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Chemistry of Roman Concrete Analyzed

Wednesday, July 05, 2017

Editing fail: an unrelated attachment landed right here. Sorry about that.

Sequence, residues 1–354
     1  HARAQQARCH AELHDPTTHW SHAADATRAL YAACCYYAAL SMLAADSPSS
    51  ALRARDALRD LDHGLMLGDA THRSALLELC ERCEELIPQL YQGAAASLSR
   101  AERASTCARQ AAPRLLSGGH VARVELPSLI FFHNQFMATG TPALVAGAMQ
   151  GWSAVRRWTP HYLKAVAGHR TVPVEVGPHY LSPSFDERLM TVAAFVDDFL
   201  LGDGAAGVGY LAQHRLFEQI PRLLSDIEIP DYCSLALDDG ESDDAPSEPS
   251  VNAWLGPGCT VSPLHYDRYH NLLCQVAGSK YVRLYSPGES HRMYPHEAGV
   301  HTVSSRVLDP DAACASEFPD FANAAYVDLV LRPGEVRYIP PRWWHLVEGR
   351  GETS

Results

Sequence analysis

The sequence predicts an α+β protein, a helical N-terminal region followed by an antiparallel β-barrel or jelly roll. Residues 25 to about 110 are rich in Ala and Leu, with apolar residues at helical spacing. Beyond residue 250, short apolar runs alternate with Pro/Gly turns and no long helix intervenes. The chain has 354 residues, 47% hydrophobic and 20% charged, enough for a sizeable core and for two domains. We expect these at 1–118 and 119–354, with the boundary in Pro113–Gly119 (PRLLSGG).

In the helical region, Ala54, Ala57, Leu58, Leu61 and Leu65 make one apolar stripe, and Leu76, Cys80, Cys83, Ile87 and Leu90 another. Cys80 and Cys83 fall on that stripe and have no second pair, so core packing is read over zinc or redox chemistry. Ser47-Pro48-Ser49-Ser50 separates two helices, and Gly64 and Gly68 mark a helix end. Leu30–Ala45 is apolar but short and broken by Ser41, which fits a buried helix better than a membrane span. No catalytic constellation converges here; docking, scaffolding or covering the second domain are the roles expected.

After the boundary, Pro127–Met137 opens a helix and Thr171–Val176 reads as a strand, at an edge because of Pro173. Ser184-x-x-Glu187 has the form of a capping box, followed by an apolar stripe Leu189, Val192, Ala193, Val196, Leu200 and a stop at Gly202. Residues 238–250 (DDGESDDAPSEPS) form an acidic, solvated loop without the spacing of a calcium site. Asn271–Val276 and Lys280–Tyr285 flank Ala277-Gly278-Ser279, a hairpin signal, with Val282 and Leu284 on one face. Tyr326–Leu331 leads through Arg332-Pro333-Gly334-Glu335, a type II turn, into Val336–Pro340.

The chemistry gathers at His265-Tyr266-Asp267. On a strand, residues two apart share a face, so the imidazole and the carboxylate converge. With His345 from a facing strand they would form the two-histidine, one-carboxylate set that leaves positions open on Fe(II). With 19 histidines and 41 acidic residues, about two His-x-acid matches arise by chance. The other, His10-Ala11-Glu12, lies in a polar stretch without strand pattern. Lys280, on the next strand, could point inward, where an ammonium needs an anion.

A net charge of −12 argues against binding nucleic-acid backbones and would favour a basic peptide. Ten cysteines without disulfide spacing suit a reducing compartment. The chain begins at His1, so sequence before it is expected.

Roman ocean concreteSALT LAKE CITY, UTAH—Modern concrete, when placed in the presence of sea water, erodes over time. According to a report in BBC News, scientists led by Marie Jackson of the University of Utah examined samples of ancient Roman concrete from ancient harbor structures with an electron microscope, X-ray micro-diffraction, and Raman spectroscopy in an effort to learn why it gained strength from exposure to sea water. The tests, conducted at the Lawrence Berkeley National Laboratory, revealed crystals of a rare mineral known as aluminum tobermorite growing throughout the samples of concrete, in addition to a porous mineral called phillipsite. The mineral crystals continued to grow in the Roman mix of volcanic ash and lime, which reinforced the concrete over long-term exposure to sea water. A similar chemical reaction has been detected in underwater volcanoes. “Their technique was based on building very massive structures that are really quite environmentally sustainable and very long-lasting,” Jackson said. To read in-depth about how Romans used concrete, go to "Rome's Lost Aqueduct."

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